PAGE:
Ten years later it is still as horrifying, heartbreaking and infuriating. May God continue to bless the souls of those who were murdered and the loved ones they left behind.
Courtesy of the red, white and blue.
Declaring “justice has been done,” President Obama announced late Sunday that Usama bin Laden was killed by U.S. forces in Pakistan, marking the end of the worldwide manhunt that began nearly a decade ago on Sept. 11, 2001.
The president made the stunning announcement within hours of informing congressional leaders. He said bin Laden was killed Sunday, the culmination of years of intelligence gathering. The news drew a large crowd to the front of the White House, as well as in Times Square, as people chanted “USA. USA.”
Rot. In. Hell.
On November 15th, while Americans were being subjected to being groped by TSA agents and/or body scans, a North Carolina teen made his way onto the tarmac at the Charlotte airport and climbed into the wheel well of US Air jet. He later plunged to his death, landing in a quiet Milton, Massachusetts neighborhood.
The grieving mother of a North Carolina teen — who “likely” plummeted from the sky over Milton after toppling out of a Boeing 737 wheel well — slammed airport security last night, saying her boy should have been stopped on the tarmac.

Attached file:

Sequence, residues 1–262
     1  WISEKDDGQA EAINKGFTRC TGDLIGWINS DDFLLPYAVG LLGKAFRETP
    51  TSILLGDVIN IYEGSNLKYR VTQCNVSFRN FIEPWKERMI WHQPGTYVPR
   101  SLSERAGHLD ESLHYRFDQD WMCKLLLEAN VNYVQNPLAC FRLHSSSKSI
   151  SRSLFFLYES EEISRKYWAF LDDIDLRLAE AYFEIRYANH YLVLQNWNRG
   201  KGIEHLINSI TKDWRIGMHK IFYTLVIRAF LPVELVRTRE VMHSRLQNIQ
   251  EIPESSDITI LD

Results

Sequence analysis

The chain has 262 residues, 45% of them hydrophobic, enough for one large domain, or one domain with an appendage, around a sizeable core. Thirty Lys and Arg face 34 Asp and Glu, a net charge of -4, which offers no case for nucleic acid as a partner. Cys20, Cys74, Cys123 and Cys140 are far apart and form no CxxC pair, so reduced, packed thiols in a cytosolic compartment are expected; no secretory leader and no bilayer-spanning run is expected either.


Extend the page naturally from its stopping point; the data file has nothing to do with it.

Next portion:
“I thought that after 9/11 there would be more security, especially on the ground,” said Jonette Washington, mother of 16-year-old Delvonte Tisdale.
“He was a good kid. He wasn’t really going to Boston. He was trying to get to Baltimore to get to me,” she tearfully told the Herald.
In a stunning announcement, Norfolk District Attorney William R. Keating said yesterday it’s “likely” the teen climbed into a wheel well of a jet in Charlotte, N.C., on Nov. 15 and fell to his death over Milton at about 9 p.m. Keating said a neighbor heard “a loud crashing noise” around that time.
Imagine what could have happened if it had been a terrorist who had climbed into that wheel well and not just a messed up teenager? It’s a good thing we’re groping nuns and toddlers at airports, huh?